The Islamic State (ISIL/ISIS) is expected to adapt to the imminent collapse of its so-called caliphate in Iraq and Syria, in part, by continuing to expand its international criminal enterprise, particularly the drug trade.
In an op-ed published by Military.com and other news outlets, Joseph Micallef, a best-selling military history and world affairs author, argues that losing its major strongholds of Mosul, Iraq, and Raqqa, Syria, will significantly weaken, but not completely destroy the Islamic State, also known as IS.
It appears likely that within the next six to twelve months, the Islamic State will lose direct control of its current territorial domain. What then? Is this the end of the Islamic State? Unfortunately, no!
What is more likely is that IS will continue to demonstrate its ability to adapt, adjust and morph to its new reality… Regardless of its lack of territory, Islamic State’s ability to radicalize and mobilize new militants will continue undiminished. Islamic State’s first chapter will close soon. Its second chapter is just beginning.
Micallef goes on to note that the jihadist group’s “budding international criminal organization” will play a significant role in its future survival.
The expert identifies oil and antiquities smuggling, kidnapping, extortion, and drug trafficking in Europe as the components of ISIS’s criminal enterprise.
Citing top terrorism experts, Breitbart London reported in November 2015 that ISIS planned “to flood” the United Kingdom and other countries in Europe with heroin from Afghanistan, noting that Russia’s Federal Drug Control Service (FSKN) expected the terrorist group to generate billions in profits.
“As IS continues to feel the financial impact of its loss of territory, criminal activities will become an ever-growing source of revenue for the organization,” adds Micallef in his editorial.
Afghanistan is the world’s top producer of opium and its heroin derivative. Trafficking the illicit drug already provides Taliban terrorists with an estimated 60 percent of its funding, according to the U.S. military.
The Islamic State (IS) has established a stronghold in Afghanistan’s eastern province of Nangarhar, one of the major opium producing regions in the country.
“Around half of all Europe’s heroin is moved through ISIS-controlled territory in Iraq,” noted Breitbart London. “Criminal gangs who pay ISIS a commission do much of the work, but the terrorists are rapidly expanding their own operations.”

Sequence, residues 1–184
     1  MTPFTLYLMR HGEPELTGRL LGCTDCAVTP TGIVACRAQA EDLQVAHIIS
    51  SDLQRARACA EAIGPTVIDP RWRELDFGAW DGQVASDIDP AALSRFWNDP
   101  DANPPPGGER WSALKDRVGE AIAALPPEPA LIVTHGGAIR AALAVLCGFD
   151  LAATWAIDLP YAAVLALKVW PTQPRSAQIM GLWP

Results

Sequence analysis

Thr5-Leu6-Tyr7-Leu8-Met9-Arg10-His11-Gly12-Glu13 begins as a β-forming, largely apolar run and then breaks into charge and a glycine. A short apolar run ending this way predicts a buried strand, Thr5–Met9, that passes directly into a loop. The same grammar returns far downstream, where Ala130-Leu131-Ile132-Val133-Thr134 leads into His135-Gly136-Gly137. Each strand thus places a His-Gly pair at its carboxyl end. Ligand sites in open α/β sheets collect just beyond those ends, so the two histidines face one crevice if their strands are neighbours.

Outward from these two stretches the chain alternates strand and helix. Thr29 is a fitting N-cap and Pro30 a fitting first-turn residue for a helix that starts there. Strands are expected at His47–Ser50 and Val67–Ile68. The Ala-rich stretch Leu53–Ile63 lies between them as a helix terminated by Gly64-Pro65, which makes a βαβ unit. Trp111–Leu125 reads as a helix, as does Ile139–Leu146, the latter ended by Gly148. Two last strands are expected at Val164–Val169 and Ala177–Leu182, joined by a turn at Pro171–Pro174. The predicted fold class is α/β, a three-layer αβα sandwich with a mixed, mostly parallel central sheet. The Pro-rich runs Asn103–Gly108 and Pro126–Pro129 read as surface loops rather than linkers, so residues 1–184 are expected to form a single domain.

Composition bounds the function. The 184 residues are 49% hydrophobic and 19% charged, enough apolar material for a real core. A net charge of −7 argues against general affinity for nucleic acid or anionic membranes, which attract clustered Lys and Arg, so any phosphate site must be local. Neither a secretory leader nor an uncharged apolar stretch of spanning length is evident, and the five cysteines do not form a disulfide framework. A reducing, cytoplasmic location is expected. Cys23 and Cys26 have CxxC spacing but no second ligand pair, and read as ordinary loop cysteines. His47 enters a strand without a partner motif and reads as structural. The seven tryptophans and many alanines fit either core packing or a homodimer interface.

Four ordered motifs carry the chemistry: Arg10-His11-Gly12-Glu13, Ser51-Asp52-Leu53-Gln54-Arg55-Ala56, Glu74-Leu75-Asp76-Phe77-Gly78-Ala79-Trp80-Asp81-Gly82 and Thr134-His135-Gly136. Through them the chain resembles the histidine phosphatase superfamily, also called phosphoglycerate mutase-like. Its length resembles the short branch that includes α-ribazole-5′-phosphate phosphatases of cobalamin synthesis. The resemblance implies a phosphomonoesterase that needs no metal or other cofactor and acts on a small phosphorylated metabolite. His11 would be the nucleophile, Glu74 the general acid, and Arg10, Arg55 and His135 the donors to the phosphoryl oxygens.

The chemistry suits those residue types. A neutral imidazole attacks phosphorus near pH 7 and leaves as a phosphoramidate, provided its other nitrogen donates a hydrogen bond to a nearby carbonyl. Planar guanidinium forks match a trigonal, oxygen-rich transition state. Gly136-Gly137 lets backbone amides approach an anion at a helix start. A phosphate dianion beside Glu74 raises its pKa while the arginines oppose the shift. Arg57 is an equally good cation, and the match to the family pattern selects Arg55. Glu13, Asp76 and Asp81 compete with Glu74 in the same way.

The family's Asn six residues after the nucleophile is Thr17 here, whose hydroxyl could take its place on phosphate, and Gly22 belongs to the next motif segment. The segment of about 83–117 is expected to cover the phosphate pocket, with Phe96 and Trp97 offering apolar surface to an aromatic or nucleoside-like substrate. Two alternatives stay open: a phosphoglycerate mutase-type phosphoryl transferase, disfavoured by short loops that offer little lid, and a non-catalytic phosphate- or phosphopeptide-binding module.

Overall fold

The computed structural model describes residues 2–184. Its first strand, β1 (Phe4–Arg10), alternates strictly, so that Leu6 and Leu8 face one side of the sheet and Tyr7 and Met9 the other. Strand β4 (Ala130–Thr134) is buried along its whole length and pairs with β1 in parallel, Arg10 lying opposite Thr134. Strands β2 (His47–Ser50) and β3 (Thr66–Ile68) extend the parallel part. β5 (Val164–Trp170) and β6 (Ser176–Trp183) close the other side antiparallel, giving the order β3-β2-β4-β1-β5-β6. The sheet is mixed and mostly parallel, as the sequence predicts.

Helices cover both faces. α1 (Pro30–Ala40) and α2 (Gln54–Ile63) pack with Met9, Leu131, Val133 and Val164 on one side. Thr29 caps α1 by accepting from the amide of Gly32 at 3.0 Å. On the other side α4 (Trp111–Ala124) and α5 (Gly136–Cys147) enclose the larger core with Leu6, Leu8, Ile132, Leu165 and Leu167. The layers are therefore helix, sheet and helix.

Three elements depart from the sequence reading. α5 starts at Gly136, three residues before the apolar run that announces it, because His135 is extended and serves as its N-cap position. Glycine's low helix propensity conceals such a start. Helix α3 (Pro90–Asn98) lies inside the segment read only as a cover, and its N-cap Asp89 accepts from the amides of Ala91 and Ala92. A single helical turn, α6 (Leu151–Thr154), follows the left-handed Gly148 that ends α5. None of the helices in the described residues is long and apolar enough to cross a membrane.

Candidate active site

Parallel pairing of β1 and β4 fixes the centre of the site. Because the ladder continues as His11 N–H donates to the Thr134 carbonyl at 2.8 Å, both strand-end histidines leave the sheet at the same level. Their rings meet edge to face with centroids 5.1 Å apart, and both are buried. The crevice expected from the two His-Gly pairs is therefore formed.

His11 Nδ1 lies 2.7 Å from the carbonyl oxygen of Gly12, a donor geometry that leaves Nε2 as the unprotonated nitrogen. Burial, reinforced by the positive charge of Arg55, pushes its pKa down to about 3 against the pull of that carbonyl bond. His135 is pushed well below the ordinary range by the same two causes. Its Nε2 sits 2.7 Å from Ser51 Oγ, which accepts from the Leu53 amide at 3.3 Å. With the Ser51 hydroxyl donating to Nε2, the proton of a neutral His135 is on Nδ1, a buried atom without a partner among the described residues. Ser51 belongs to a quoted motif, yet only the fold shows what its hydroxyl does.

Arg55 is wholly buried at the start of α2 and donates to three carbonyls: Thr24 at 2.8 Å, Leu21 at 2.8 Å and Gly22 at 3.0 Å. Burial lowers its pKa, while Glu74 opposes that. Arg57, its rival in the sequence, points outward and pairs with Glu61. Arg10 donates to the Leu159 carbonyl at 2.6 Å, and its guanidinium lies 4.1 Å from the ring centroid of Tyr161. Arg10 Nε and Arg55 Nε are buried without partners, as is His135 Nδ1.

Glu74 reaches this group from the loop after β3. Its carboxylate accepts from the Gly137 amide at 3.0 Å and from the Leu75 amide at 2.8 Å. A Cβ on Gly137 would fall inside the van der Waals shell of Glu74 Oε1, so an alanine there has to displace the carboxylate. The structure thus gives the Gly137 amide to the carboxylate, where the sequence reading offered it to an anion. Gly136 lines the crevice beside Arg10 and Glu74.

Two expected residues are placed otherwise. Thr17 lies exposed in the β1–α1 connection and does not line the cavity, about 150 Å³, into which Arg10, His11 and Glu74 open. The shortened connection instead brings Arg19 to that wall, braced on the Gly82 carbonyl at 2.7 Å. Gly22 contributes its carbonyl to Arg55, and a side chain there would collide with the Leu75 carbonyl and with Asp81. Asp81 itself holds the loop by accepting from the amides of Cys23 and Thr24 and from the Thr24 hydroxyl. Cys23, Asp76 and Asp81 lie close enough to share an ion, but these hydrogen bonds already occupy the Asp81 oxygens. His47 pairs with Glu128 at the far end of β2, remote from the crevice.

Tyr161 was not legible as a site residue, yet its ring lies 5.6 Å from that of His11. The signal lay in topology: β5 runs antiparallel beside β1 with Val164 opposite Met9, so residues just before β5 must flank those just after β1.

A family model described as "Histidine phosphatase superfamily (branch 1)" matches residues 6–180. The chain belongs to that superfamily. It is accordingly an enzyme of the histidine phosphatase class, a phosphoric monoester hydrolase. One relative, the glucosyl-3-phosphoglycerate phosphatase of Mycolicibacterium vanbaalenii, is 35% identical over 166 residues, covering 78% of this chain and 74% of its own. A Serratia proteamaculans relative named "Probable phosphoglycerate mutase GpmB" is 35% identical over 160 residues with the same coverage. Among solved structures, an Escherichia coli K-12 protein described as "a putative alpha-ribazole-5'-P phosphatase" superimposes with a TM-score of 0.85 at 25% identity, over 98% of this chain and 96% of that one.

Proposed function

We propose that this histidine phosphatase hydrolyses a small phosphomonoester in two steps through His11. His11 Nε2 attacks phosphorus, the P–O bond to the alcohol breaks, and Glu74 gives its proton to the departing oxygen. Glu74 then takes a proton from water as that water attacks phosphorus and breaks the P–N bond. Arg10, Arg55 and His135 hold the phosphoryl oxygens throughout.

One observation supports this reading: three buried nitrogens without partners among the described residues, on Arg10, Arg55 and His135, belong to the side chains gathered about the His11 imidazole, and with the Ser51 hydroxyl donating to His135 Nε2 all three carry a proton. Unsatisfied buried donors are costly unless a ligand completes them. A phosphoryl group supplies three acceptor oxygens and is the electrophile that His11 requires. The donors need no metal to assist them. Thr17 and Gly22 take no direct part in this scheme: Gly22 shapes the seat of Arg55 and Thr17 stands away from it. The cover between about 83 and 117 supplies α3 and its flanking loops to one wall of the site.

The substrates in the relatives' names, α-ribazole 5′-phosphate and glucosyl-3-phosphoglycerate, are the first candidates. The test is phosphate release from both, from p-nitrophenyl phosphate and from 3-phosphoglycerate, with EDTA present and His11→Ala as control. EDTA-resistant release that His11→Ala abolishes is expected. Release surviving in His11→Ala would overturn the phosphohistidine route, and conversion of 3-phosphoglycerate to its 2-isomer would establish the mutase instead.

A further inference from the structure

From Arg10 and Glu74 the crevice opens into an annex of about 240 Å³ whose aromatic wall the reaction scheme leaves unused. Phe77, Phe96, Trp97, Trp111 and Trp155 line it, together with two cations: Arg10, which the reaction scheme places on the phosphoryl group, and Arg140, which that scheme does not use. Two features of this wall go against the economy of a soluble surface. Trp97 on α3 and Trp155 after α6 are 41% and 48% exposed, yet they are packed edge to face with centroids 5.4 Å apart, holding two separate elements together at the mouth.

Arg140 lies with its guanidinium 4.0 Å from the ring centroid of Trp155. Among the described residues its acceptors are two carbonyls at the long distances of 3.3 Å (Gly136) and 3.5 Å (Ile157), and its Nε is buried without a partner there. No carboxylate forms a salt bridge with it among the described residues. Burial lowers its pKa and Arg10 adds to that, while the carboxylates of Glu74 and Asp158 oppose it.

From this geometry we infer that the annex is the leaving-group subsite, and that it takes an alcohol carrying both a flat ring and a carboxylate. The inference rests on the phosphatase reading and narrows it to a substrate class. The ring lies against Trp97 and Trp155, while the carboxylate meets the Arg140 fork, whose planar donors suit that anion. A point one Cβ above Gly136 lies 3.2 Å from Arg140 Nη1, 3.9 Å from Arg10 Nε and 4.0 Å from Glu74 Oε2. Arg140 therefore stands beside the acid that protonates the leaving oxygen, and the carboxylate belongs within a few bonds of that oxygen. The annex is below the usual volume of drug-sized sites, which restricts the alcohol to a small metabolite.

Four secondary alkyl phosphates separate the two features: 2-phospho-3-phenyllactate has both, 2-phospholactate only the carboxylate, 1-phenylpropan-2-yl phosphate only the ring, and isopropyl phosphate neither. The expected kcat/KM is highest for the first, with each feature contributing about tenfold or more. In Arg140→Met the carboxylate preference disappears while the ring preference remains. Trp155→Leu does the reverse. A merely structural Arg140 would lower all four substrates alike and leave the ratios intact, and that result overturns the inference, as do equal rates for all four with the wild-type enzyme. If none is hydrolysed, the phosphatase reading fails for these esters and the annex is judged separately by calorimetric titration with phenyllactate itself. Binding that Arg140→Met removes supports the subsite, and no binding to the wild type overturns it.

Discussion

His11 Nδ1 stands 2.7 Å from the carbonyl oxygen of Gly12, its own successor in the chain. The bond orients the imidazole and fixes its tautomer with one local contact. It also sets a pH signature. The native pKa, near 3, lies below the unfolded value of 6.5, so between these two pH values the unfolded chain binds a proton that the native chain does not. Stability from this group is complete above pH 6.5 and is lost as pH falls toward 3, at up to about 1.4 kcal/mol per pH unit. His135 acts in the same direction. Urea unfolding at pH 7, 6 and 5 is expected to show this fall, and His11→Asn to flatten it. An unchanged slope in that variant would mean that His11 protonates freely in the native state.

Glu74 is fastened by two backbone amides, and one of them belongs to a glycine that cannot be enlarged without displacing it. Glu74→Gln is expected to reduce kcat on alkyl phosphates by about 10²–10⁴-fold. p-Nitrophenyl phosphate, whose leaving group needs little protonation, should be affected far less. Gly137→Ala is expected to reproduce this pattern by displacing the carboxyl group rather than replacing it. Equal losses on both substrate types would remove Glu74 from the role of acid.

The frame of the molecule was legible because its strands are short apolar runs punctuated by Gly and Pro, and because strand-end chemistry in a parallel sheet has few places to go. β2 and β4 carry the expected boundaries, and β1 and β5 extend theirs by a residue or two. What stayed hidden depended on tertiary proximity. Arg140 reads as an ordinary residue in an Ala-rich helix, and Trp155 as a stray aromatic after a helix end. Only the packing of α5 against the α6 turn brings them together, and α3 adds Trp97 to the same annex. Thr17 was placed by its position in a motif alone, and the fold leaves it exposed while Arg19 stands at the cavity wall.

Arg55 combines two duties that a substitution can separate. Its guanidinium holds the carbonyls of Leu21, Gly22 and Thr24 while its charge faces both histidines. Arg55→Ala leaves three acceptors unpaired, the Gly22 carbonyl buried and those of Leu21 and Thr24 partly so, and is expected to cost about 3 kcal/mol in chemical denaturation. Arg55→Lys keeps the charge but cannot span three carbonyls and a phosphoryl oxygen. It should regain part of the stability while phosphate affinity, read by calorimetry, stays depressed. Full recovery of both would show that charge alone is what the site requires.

Italian authorities have purportedly confirmed that ISIS is involved in the drug trade, namely hashish.
The New York Times (NYT) learned from Italian officials last year about a “lucrative new [drug] trafficking route that stretched far to the east along the coast of Northern Africa — and always led to Libya, in an area fought over by competing armed groups that included the Islamic State.”
“From interrogations and surveillance, they know the route crossed territory that until a few weeks ago was claimed by the Islamic State — which has taxed shipments of drugs and other goods in Syria and Iraq,” noted the Times.
“Investigators say they believe that at least in some cases, the terrorist group would have been able to exact a tax in return for the drugs’ passage,” it added. “That matches the Islamic State’s business practice in its stronghold in Syria and Iraq, where according to one study by IHS Country Risk, 7 percent of the group’s revenue last year was from the production, taxation and trafficking of drugs.”
Although authorities have not explicitly linked ISIS to the illicit narcotics trade in the Western Hemisphere, the Islamic State is known to operate in high drug trafficking areas in Latin America and the Caribbean.
According to the United Nations, traffickers smuggle South America cocaine into Europe through West Africa.
West Africa also provides a passageway into Europe and North America for Heroin from the Afghanistan-Pakistan region, the U.N. has reported.
The Islamic State’s West Africa Province and its Boko Haram affiliate have established a heavy presence in the area.
Nevertheless, a report from the U.N. last year was unable to determine the extent to which ISIS is involved in drug trafficking.